Posted in Fantasy, Fiction, Middle Grade, Tween Reads

The Legend of Jack Riddle begins!

The Legend of Jack Riddle, by H. Easson, (January 2018, Stone Arch Books), $26.65, ISBN: 9781496554086/(March. 2018, Capstone), $12.95, ISBN: 9781623709075

Recommended for ages 9-13

Twelve year-old Jack has to go visit his creepy great-great-great-whatever-aunt. She wears Doc Martens, a black ballgown, and wears a creepy top hat, calls him Jackie-poo, and sneaks out to play bingo. In the forest. Jack follows her, and discovers that Aunt Gee Gee may have some secrets. When the cookie jar she sends him back home brings forth a goblin that attacks the principal for a candy bar, Jack definitely gets the feeling that something’s up. The thing is, Jack’s in the middle of a very dangerous fairy tale: he’s the descendant of Gretel, and she’s nothing like the lost little girl in the fairy tale. She’s an awful witch that has Jack and his absent-minded teacher, Professor Ambrosius Footnote, racing to find a way to stop Gretel before there are very, very bad consequences for Jack and for future kids!

This is a fun take on fairy tale history, with cameos from some old favorites and a new point of view. Narrated from Jack’s point of view, there’s an interesting subplot about communication breakdown between parents and kids, and he tackles some fairy tale tropes (why can’t anyone just give a straight answer? What’s with all the riddles?) with laughs. The ending leaves the possibility of a sequel open. If you have fractured fairy tale readers, this is a good bet for their shelves and yours.

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Posted in Animal Fiction, Fantasy, Fiction, Middle Grade, Tween Reads

Podkin One-Ear is perfect for fantasy fans!

Podkin One-Ear (Longburrow #1), by Kieran Larwood/Illustrated by David Wyatt, (Sept. 2017, Clarion Books), $16.99, ISBN: 9781328695826

Recommended for readers 10-12

An old bard weaves a tale of the legendary warrior, Podkin One-Ear, for an audience gathered for the winter holiday, Bramblemas. In rabbit society, Podkin was the pampered son of a chieftain, lazy and shiftless, while his older sister, Paz, trains hard, knowing she won’t be chieftain because she’s female. When a savage warrior tribe of rabbits – red-eyed, iron-clad, iron-infused – called the Gorm attack Podkin’s burrow, Podkin, Paz, and their baby brother, Pook, run for their lives, the Gorm always one step behind them. Podkin has a magical sword that the Gorm want, and they’ll stop at nothing to get it.

Told in the third person in the bard’s voice, with occasional interludes to provide dialogue between the bard and some curious young rabbits, Podkin One-Ear makes the reader feel like he or she is sitting in a dining hall, listening to an epic tale unfold. David Wyatt’s black and white illustrations add to the epic feel of the story, and inject emotion into the tale; the action scenes and the emotion in his character’s faces evoke strong emotion. It’s a wonderful story about the rise of a hero, and I can’t wait to read more. There are big battles, arms and armor, magic weapons and witches – something for every fantasy fan!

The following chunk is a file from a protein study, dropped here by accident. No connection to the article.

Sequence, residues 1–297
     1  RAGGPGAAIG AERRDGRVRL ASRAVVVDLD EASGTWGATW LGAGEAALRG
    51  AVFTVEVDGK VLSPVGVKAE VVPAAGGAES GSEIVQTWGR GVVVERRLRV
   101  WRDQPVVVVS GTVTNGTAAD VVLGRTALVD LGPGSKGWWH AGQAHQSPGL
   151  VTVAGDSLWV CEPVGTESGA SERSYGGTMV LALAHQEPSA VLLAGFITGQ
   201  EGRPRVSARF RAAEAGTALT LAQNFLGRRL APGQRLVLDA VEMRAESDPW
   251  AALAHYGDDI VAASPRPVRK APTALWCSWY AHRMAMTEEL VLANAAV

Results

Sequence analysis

Give this one to your Redwall fans, for sure. If you’ve got Mouse Guard graphic novels (and if you don’t, and have fantasy fans, you really need to), get those ready for readalikes. Lisa Fiedler’s Mouseheart series, plus Erin Hunter’s Warriors (and Seekers, and Survivors) are also great read-alikes, and if you’ve got readers that devour those, this is a good book to introduce them to.

Posted in Fantasy, Fiction, Middle Grade, Tween Reads

The Night Garden puts a little spark of magic into WWII-era Canada

The Night Garden, by Polly Horvath, (Sept. 2017, Farrar, Straus & Giroux), $16.99, ISBN: 9780374304522

Recommended for readers 9-13

Franny Whitekraft lives with her adoptive parents, Sina and Old Tom, on Vancouver Island while World War II rages overseas. They live a pretty quiet life until their neighbor, Crying Alice, shows up – crying – and asks to leave her three children with them while she goes to stop her mechanic husband, Fixing Bob – stationed at a military base – from doing something dumb. Zebediah, one of the children, knows what it is, but he’s not talking, and he’s not sharing the letters he gets from their father with his brother and sister, Wilfred and Winifred. Things take a sharp turn when Fixing Bob puts his plan into action, and The Night Garden seems to be everyone’s only hope in making things right. Can a garden really grant wishes? Franny and her friends are about to find out.

The Night Garden didn’t really come together for me. There are several plotlines that kind of wander in and out of the book, like Sina’s witnessing a UFO. Narrated in the first person by Franny, there’s humor throughout the novel, but overall, the story took a little too long to get there and meandering plots may keep some readers from fully committing to the book. I enjoyed the sense of humor that kept the book moving, and the characters, on their own, were a fun bunch that I enjoyed my time with. An additional purchase for collections where you have devoted magical realism readers.